What is effective teaching?
A recent article in University Affairs put a spotlight on student course evaluations and raised a series of troubling questions. Manifold studies have established that student course evaluations are little more than glorified popularity contests. Although student feedback has some utility for a professor in terms of tweaking their pedagogy, most students are not capable of measuring long-term learning outcomes. In fact, research establishes that they are subject to numerous biases against women, professors from another country, and visible minorities. This raises the question, why do universities rely upon an instrument that lacks scientific credibility to evaluate professors and use this flawed metric to determine hiring and promotion?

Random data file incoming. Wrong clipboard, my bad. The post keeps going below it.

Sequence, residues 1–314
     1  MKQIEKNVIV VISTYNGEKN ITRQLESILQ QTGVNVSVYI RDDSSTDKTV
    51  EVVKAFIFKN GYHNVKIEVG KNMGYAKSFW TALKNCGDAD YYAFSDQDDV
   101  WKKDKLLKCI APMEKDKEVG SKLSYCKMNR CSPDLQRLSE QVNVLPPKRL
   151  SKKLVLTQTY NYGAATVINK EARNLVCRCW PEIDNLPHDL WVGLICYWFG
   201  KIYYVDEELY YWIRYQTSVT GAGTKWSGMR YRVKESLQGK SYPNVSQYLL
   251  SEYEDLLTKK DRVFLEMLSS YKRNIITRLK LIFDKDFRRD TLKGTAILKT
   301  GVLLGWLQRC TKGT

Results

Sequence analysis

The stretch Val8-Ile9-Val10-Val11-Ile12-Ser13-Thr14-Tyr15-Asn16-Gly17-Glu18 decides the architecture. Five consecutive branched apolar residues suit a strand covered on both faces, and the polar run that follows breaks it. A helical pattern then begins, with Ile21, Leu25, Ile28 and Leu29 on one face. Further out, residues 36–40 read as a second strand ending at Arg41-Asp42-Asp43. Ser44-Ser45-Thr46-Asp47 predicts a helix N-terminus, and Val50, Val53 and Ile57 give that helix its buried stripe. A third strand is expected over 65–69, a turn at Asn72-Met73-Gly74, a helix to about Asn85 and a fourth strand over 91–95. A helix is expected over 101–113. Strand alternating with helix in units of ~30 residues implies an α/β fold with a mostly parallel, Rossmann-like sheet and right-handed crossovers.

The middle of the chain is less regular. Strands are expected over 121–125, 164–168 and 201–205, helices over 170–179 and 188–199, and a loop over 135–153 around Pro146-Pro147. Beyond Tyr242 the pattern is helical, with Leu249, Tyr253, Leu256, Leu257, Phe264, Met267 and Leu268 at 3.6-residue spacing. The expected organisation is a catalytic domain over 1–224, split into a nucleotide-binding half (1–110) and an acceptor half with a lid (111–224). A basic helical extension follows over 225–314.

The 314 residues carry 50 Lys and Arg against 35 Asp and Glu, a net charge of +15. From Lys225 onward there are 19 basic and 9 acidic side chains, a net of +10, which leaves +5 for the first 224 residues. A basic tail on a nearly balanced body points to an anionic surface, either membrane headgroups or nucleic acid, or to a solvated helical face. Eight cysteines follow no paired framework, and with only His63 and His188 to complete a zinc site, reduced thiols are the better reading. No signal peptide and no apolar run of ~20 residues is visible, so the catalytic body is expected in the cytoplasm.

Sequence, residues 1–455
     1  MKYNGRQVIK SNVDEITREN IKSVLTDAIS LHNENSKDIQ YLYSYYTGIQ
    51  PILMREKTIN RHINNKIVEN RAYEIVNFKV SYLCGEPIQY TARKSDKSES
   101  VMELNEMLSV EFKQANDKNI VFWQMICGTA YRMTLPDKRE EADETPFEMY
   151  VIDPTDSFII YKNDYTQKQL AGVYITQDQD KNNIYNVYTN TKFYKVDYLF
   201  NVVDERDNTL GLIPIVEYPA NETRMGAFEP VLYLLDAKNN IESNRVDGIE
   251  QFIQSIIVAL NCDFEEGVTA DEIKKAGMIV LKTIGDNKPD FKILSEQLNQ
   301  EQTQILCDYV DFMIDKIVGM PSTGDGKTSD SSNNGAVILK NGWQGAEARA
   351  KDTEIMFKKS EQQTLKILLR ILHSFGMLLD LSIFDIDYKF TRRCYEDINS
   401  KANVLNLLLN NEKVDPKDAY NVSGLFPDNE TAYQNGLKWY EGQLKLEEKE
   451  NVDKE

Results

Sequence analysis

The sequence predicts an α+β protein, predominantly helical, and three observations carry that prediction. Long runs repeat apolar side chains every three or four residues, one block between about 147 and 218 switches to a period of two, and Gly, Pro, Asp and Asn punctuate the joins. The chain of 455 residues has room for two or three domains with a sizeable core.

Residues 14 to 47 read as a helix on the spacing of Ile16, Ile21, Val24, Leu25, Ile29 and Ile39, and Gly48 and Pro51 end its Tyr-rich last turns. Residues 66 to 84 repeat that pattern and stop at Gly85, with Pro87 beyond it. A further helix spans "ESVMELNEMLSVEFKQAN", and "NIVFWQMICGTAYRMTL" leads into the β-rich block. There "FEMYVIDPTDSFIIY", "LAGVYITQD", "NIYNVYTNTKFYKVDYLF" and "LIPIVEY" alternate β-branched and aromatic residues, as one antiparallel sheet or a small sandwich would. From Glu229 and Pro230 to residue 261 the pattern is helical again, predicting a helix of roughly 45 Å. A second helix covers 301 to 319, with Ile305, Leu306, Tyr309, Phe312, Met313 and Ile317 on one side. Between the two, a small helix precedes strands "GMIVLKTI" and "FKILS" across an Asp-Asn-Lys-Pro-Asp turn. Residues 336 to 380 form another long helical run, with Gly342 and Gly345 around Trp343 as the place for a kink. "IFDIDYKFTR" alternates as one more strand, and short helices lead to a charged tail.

We Need to Have a Real Discussion:
- Why do universities put so much weight on student evaluations of teaching?
- To what extent are student evaluations eroding standards, inflating grades, discouraging innovation, and promoting edutainment?
- To what extent could administrators abuse this problematic metric in terms of non-tenured faculty?